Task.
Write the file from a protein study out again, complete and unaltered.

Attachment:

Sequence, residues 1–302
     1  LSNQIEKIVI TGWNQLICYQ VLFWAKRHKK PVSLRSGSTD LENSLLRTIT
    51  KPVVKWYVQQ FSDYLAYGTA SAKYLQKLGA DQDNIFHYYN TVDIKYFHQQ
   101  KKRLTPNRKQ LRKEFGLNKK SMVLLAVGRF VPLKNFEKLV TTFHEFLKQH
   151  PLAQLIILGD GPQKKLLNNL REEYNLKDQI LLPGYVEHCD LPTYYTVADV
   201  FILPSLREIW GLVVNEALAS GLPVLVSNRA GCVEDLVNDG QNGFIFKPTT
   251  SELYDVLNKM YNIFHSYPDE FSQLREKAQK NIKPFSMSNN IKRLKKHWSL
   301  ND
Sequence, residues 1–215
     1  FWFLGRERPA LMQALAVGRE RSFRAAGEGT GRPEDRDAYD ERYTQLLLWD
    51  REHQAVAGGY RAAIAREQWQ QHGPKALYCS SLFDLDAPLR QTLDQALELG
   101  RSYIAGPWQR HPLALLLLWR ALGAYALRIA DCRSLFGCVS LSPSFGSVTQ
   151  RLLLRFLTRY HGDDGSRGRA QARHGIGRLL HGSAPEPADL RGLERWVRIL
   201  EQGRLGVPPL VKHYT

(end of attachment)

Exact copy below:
Sequence, residues 1–302
     1  LSNQIEKIVI TGWNQLICYQ VLFWAKRHKK PVSLRSGSTD LENSLLRTIT
    51  KPVVKWYVQQ FSDYLAYGTA SAKYLQKLGA DQDNIFHYYN TVDIKYFHQQ
   101  KKRLTPNRKQ LRKEFGLNKK SMVLLAVGRF VPLKNFEKLV TTFHEFLKQH
   151  PLAQLIILGD GPQKKLLNNL REEYNLKDQI LLPGYVEHCD LPTYYTVADV
   201  FILPSLREIW GLVVNEALAS GLPVLVSNRA GCVEDLVNDG QNGFIFKPTT
   251  SELYDVLNKM YNIFHSYPDE FSQLREKAQK NIKPFSMSNN IKRLKKHWSL
   301  ND
Sequence, residues 1–215
     1  FWFLGRERPA LMQALAVGRE RSFRAAGEGT GRPEDRDAYD ERYTQLLLWD
    51  REHQAVAGGY RAAIAREQWQ QHGPKALYCS SLFDLDAPLR QTLDQALELG
   101  RSYIAGPWQR HPLALLLLWR ALGAYALRIA DCRSLFGCVS LSPSFGSVTQ
   151  RLLLRFLTRY HGDDGSRGRA QARHGIGRLL HGSAPEPADL RGLERWVRIL
   201  EQGRLGVPPL VKHYT